You can click on any photo to enlarge it.

The renovated turn-of-the-century buildings bring the Gold Rush Era back to life.
Use your imagination and you might still hear the echoing cries from the steep canyon walls of “gold in the Yukon”! The current population is estimated between 800 and 1,000, but given a day when three ships dock on the same day, you may feel like you have stepped into a modern-day version of the Gold Rush.

Our tour guide shared with us that it is during the modern-day version of the Gold Rush when Skagway welcomes many people, like herself. She is an experienced employee who returns to Skagway year after year to work a seasonal job created due to the masses of tourists welcomed to her dock on cruise ships.

The Skagway Centennial Statue is the centerpiece  of Centennial Park.  It depicts the scene of a gold rush trail with a Tlingit packer leading an eager prospector.

Skagway Centennial Statue was completed in 1997 during the Centennial Celebrations. 
Sabrina showed us many sites and shared many things about Skagway, including pointing out the “oldest” house in Skagway as we passed by the side street. It has the white picket fence around it.

Oldest House in Skagway
Other interesting facts included the price of a gallon of milk being seven dollars a gallon. The attendance of the entire high school is approximately one hundred students. We passed by an RV park in Skagway. The monthly cost for a site was $1600 if you wanted full hookups. Only a few full-hookup sites were available.

Sabrina dressed in authentic costume, shared legendary tales about Skagway including Soapy Smith...

Sign left of center says "Klondike Gold Fields".

To all Points of Interest -- Nothing like it in the World 
Here we were only a half mile from Yukon Territory; had we traveled up this road, we would have had to have our passports to return to Skagway.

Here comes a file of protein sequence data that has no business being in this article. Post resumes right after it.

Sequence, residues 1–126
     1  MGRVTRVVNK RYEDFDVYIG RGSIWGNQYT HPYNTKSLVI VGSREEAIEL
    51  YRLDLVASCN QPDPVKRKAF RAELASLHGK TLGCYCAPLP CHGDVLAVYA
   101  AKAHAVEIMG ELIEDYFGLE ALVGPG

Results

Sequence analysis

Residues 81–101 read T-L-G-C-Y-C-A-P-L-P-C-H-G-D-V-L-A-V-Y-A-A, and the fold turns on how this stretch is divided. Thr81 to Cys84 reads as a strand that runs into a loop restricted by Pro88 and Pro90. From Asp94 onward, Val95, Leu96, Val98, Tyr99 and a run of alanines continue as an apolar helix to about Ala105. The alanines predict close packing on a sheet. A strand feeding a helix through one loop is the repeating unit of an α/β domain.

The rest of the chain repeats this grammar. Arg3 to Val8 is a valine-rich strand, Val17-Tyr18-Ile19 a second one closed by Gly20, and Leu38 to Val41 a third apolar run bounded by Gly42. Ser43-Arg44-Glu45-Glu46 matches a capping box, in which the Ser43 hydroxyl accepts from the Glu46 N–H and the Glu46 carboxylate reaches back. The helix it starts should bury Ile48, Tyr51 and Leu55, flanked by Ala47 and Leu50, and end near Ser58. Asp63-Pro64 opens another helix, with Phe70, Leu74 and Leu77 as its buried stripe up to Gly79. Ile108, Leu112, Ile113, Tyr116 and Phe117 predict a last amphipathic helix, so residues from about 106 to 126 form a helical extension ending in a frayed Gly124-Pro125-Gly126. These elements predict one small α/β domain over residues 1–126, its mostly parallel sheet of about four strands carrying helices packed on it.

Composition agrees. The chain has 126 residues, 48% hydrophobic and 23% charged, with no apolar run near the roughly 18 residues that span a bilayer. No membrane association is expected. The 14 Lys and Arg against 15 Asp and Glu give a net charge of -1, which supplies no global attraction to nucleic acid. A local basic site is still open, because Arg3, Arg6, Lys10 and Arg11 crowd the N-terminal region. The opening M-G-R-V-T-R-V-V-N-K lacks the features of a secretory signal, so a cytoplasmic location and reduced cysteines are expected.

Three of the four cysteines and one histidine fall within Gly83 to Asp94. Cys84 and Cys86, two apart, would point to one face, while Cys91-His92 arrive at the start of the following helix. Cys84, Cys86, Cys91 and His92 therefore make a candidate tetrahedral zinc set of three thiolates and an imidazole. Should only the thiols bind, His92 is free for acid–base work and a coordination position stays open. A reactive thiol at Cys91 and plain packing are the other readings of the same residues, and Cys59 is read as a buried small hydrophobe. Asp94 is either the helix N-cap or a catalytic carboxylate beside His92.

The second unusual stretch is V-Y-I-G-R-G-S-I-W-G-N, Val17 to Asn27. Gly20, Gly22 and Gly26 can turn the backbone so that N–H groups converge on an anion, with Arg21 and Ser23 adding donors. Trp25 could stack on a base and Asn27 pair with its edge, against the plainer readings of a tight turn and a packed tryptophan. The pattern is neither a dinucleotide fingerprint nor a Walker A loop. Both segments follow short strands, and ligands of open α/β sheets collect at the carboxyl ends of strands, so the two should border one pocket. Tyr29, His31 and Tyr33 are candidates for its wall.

Instead we made a 90-degree turn left and traveled to a turnaround where we could get another view of Skagway and an overview of the dock and our ship.
The Norwegian Sun docked in Skagway.

View overlooking the seven block corridor below with the steep, spectacular wall of scenery beyond, from a park-like setting high above the town...
Skagway has a lot of history with much to see and is a fun place to shop. At the end of our tour, we were free to do more sightseeing in Skagway and enjoy more shops.



Red Onion Saloon

Between 1908 and 1910, a number of buildings were relocated to Broadway from other parts of the city to develop a business district concentrated around the rail line. The Red Onion Saloon was one of the buildings relocated to its present location.

Red Onion Saloon



Arctic Brotherhood

The fraternal order emerged from the Klondike Gold Rush. It established itself in 1899 in the boomtowns of Skagway, Bennett, Atlin, and Dawson City. Then it spread into Interior Alaska all the way to Nome before it faded away in the 1920s. Only a few Arctic Brotherhood halls still stand in the North, including this ornate structure in Skagway (and also one in Dawson). It’s motto was “No Boundary Line Here”.

Arctic Brotherhood Hall

Closeup of Entrance to AB Building with date of 1899 over the entrance

Shops on Second Avenue across from the Railroad Building where the shuttle picked us up to return us to the ship:


Skagway Mining Company Building

Skagway Mining Co. building

Diamonds International
Broadway Looking South

The National Park Service Visitor Center is on the left. To our right is The Loom, and the Alaska Shirt Company. The railroad track that we cross is a side track that comes from the railroad dock main track at our far left. The side track has sidings for the Broadway Dock and the Ore Terminal/Dock at our far right.

Looking south on Broadway as we return to the ship.

View from dining room window of the channel we travel through when we leave Skagway.
Tonight we enjoyed more music as we headed back to our room for the night. 

Thank you everyone for visiting and following this adventure with my sister and me. Feel free to make comments. Next we will dock in Juneau, the capital of Alaska, where more excitement is in store as we photograph the whales.

If you would like to be notified when a new post is published, put your email address in the box at the top right of this blog and be sure to go to your email to confirm your subscription. We respect your privacy and do nothing with your information.